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William Stanley Merwin is an American poet. During the 1960s anti-war movement, Merwin's unique craft was thematically characterized by indirect, unpunctuated narration. In the 80s and 90s, Merwin's writing influence derived from his interest in Buddhist philosophy and deep ecology. Residing in Hawaii, he writes prolifically and is dedicated to ... Read more
William Stanley Merwin is an American poet. During the 1960s anti-war movement, Merwin's unique craft was thematically characterized by indirect, unpunctuated narration. In the 80s and 90s, Merwin's writing influence derived from his interest in Buddhist philosophy and deep ecology. Residing in Hawaii, he writes prolifically and is dedicated to ... Read more

At the beginning the oldest man sat on the corner
      of the garden wall by the road under a vast
walnut tree known to have been there always
      he came back in the afternoon to the cave of shade
in his broad black hat black jacket the striped gray
      wool trousers once worn only to church in winter
with a cane on either side resting against the stones
      he said when your legs have gone all you can do
is to sit this way and be useless I believe God
he said that is what I am doing I am thinking
      and things come to me now when nobody else knows them
he was visited by the dazzling of accidents the boy
      who caught his hand in the trip hammer and it came out
like cigarette paper the man with both crushed legs
      dangling and the woman murdered and his father the blacksmith
forging the iron fence to put around the place
      out on the bare slope where she had fallen I could never
be the smith my father was as he always told me
      I was good enough you know but I never had
the taste needed for scythe blades sickles kitchen knives
      we preferred to use carriage springs to make them from
in the forge outside the barn there and his were sought after
      oh when he had sold all he took to the fair the others
could begin I still have the die for stamping the name
      of the village in the blade at the end so you could be sure

Each is alone in the world
and on some the flowers
are of one sex only
they stand as though they had no secrets
and one by one the flowers emerge from the sheaths
into the air
where the other flowers are
it happens in silence except for the wind
often it happens in the dark
with the earth carrying the sound of water
most of the flowers themselves are small and green by day
and only a few are fragrant
but in time the fruits are beautiful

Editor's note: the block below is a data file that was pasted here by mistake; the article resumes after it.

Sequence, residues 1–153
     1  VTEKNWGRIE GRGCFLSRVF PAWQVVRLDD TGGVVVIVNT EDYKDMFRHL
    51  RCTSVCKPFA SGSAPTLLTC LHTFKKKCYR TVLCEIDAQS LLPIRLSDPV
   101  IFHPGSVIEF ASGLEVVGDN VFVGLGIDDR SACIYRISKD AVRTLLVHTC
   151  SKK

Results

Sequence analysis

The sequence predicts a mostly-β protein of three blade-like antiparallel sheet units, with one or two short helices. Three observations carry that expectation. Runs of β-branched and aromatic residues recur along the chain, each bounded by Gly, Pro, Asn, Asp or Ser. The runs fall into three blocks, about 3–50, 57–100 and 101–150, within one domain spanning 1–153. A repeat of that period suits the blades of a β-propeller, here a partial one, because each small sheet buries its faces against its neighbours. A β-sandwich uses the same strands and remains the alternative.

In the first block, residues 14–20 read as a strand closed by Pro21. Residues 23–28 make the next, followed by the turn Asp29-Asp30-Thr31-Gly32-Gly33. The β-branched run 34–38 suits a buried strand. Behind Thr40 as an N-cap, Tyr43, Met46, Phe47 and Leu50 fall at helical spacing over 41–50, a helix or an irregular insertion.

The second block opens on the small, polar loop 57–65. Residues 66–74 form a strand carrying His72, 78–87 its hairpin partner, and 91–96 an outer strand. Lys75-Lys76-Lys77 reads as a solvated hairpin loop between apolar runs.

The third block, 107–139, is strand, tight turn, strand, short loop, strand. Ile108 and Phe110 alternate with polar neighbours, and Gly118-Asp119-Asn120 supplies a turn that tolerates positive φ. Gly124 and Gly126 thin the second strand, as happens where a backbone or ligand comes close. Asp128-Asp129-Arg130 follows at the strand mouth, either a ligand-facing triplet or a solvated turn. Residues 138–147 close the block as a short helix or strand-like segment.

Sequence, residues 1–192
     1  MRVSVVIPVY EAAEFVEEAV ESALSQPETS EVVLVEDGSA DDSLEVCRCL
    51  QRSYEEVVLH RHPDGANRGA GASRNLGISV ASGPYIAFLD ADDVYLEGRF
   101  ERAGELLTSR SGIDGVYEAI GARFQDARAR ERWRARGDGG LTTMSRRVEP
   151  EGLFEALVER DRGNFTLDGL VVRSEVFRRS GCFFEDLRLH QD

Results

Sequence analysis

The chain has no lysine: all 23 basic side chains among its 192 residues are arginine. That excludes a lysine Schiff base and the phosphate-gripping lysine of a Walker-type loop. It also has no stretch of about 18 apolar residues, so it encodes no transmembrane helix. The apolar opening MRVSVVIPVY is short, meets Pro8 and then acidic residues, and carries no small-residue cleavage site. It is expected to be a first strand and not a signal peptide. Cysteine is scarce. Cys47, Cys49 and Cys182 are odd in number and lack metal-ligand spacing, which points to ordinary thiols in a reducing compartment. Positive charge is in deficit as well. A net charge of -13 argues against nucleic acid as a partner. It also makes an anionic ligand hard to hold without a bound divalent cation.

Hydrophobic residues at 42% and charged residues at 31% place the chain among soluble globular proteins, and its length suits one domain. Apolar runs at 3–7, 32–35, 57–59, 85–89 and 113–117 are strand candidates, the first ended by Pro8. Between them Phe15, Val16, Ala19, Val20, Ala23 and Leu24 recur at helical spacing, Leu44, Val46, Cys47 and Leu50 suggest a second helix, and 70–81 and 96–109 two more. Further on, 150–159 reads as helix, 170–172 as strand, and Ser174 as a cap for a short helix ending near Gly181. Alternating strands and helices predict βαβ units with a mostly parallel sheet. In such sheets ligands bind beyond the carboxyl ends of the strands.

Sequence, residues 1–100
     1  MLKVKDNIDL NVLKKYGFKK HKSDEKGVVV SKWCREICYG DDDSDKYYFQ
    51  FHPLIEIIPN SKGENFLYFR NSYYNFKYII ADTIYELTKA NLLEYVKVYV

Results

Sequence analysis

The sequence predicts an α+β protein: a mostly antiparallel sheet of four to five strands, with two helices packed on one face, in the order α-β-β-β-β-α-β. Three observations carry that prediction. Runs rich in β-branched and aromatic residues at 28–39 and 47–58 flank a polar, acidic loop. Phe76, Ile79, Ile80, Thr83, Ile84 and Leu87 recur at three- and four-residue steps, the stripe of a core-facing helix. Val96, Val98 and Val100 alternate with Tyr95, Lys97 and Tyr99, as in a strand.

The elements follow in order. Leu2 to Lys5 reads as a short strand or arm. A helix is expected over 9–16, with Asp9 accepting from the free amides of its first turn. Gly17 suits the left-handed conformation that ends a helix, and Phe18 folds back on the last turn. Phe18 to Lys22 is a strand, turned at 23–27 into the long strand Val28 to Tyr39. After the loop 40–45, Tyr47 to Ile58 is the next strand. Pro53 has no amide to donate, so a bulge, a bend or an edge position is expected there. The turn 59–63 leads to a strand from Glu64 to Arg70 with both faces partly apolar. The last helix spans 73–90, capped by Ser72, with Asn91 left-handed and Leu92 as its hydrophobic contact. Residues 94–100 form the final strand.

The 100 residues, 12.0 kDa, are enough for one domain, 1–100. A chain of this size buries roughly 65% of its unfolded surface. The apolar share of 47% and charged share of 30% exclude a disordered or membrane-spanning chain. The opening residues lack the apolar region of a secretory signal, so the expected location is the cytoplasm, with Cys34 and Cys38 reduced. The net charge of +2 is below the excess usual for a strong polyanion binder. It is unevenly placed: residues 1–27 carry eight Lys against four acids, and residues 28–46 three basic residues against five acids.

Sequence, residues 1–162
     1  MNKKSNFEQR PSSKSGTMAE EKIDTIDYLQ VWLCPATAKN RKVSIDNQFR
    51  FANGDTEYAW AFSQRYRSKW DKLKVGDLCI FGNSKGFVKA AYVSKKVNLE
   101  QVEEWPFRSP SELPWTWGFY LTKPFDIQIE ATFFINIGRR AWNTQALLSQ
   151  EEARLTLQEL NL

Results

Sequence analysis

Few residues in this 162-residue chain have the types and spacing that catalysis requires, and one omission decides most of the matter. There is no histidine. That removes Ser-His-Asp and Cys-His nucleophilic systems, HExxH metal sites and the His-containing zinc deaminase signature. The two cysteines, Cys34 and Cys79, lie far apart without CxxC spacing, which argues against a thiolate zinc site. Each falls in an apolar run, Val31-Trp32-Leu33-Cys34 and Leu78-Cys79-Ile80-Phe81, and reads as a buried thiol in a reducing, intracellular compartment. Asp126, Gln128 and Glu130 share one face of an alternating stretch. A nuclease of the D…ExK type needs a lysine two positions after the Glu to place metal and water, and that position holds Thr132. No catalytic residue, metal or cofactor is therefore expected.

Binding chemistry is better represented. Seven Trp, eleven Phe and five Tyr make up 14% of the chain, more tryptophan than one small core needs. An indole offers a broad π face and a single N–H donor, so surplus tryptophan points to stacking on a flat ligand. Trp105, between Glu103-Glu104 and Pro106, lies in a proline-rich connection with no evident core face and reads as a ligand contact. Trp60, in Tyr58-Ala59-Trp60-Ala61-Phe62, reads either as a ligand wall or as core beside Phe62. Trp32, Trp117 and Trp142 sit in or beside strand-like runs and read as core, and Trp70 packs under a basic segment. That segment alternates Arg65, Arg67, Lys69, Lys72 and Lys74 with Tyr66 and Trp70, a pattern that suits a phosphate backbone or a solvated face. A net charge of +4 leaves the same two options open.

and later still their children
whether they are seen or not
many of the fruits are no larger than peas
but some are like brains of black marble
and some have more than one seed inside them
some are full of milk of one taste or another
and on a number of them there is a writing
from long before speech
and the children resemble each other
with the same family preference
for shade when young
in which colors deepen
and the same family liking for water
and warmth
and each family deals with the wind in its own way
and with the sun and the water
some of the leaves are crystals others are stars
some are bows some are bridges and some
are hands
in a world without hands
they know of each other first from themselves
some are fond of limestone and a few cling to high cliffs
they learn from the splashing water
and the falling water and the wind
much later the elephant
will learn from them
the muscles will learn from their shadows
ears will begin to hear in them
the sound of water
and heads will float like black nutshells
on an unmeasured ocean neither rising nor falling
to be held up at last and named for the sea

I am looking at trees
they may be one of the things I will miss
most from the earth
though many of the ones I have seen
already I cannot remember
and though I seldom embrace the ones I see
and have never been able to speak
with one
I listen to them tenderly
their names have never touched them
they have stood round my sleep
and when it was forbidden to climb them
they have carried me in their branches

I wake in the dark and remember
it is the morning when I must start
by myself on the journey
I lie listening to the black hour
before dawn and you are
still asleep beside me while
around us the trees full of night lean
hushed in their dream that bears
us up asleep and awake then I hear
drops falling one by one into
the sightless leaves and I
do not know when they began but
all at once there is no sound but rain
and the stream below us roaring
away into the rushing darkness

First forget what time it is
for an hour
do it regularly every day

then forget what day of the week it is
do this regularly for a week
then forget what country you are in
and practice doing it in company
for a week
then do them together
for a week
with as few breaks as possible

follow these by forgetting how to add
or to subtract
it makes no difference
you can change them around
after a week
both will help you later
to forget how to count

forget how to count
starting with your own age
starting with how to count backward
starting with even numbers
starting with Roman numerals
starting with fractions of Roman numerals
starting with the old calendar
going on to the old alphabet
going on to the alphabet
until everything is continuous again

go on to forgetting elements